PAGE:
A spike in the number of Ebola victims in Guinea has citizens and health officials in West Africa concerned about a possible return of the deadly disease.
One of several obstacles to ending the epidemic in Guinea and Sierra Leone is the climate. It's the start of the rainy season in West Africa, when roads turn to mud, making it hard to get medicine and supplies to those with Ebola.
Another problem is attitude. People in these countries have been living in the midst of an Ebola crisis for more than a year, and that can make a deadly virus seem normal, said Dr. Bruce Aylward of the World Health Organization.
"Over time, people get used to Ebola," he said. "In these communities, we're seeing people trying to treat Ebola at home, when they know it's Ebola — trying to take precautions, wearing gloves and things like that. And at a different level, internationally, people are getting used to hearing about Ebola, which is really, really, scary."
Stigma, fear and denial are associated with the disease. In a webcast from Doctors Without Borders (Medecins Sans Frontieres), Ella Watson-Stryker said Ebola "is a disease that creates fear and everyone’s afraid — whether it’s the leader of a small village, whether it’s the president of a country.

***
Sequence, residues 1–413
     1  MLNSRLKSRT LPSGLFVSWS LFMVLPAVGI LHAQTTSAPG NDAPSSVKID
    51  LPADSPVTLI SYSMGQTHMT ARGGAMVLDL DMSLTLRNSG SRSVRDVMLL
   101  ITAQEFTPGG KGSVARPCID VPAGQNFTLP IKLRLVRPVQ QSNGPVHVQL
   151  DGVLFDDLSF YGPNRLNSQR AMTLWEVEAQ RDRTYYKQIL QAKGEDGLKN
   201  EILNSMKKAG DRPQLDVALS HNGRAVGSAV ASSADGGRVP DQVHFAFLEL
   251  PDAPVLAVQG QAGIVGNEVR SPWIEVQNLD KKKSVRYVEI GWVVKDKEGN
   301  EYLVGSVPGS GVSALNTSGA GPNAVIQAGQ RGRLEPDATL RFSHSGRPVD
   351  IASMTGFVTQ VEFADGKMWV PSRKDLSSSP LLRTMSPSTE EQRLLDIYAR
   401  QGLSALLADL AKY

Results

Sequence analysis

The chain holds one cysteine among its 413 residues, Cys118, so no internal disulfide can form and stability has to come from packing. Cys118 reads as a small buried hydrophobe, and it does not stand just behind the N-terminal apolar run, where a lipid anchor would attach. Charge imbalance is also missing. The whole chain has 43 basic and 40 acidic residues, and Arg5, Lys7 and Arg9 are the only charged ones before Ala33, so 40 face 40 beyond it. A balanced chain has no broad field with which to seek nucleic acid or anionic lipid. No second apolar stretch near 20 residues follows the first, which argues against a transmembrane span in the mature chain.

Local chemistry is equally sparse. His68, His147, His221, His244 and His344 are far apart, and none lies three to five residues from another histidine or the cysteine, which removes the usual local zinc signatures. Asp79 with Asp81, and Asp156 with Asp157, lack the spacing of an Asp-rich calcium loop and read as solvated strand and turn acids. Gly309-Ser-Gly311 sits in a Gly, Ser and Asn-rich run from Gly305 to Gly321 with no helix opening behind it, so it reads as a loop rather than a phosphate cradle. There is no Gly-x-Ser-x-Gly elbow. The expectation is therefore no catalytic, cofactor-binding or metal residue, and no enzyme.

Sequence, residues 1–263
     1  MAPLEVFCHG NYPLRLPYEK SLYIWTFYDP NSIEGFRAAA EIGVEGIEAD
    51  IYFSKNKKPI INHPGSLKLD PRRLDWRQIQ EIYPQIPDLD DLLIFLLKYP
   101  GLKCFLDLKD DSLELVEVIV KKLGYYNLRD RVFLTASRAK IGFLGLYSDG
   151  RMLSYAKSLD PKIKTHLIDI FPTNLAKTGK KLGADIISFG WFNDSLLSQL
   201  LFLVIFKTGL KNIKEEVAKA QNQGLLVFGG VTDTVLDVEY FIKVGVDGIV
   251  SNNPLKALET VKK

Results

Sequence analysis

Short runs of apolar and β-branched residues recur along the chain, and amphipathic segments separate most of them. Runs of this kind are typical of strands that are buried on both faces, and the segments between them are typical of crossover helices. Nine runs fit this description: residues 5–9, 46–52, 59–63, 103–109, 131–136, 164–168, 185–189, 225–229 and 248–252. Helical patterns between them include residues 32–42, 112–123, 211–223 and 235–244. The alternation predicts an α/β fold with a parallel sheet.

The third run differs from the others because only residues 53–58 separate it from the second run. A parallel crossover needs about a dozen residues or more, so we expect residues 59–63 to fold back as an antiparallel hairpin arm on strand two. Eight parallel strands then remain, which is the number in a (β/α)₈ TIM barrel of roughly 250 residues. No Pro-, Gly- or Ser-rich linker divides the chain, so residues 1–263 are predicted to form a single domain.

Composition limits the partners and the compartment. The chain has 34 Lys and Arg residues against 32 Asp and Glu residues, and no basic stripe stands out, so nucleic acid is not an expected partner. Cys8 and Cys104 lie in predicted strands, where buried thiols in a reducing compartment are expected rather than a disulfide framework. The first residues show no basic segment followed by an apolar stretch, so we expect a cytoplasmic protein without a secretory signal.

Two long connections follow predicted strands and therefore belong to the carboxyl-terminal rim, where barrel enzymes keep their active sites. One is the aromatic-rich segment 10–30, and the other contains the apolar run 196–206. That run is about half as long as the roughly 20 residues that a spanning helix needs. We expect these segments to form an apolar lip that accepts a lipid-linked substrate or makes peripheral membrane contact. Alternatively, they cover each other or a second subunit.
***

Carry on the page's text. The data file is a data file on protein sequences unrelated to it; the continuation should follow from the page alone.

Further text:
The doctors and nurses who respond are afraid. The health promoters, who are there — trained to talk about Ebola — are afraid. And our patients are terrified. And so, I think that’s the biggest barrier that we have to overcome, and when people are afraid, denial becomes a very good fallback."
Finding out who had contact with a sick person is as crucial in controlling Ebola as getting people into treatment centers. Sophie Sabatier, also with Doctors Without Borders, told VOA from Conakry, Guinea, that "as long as there is one case of Ebola, the epidemic is not finished."
Another obstacle: poor public health systems. Many West African hospitals lack running water and electricity. Sierra Leone, Guinea and Liberia are asking the international community to help them build modern health facilities.
Dr. Tom Frieden of the U.S. Centers for Disease Control and Prevention emphasized this need in a speech at the World Bank in March. "The public health infrastructure is crucial to get to zero [cases] and to stay at zero," he said.
Frieden said a good national health system will always be able to respond faster than the international community can at the beginning of an epidemic.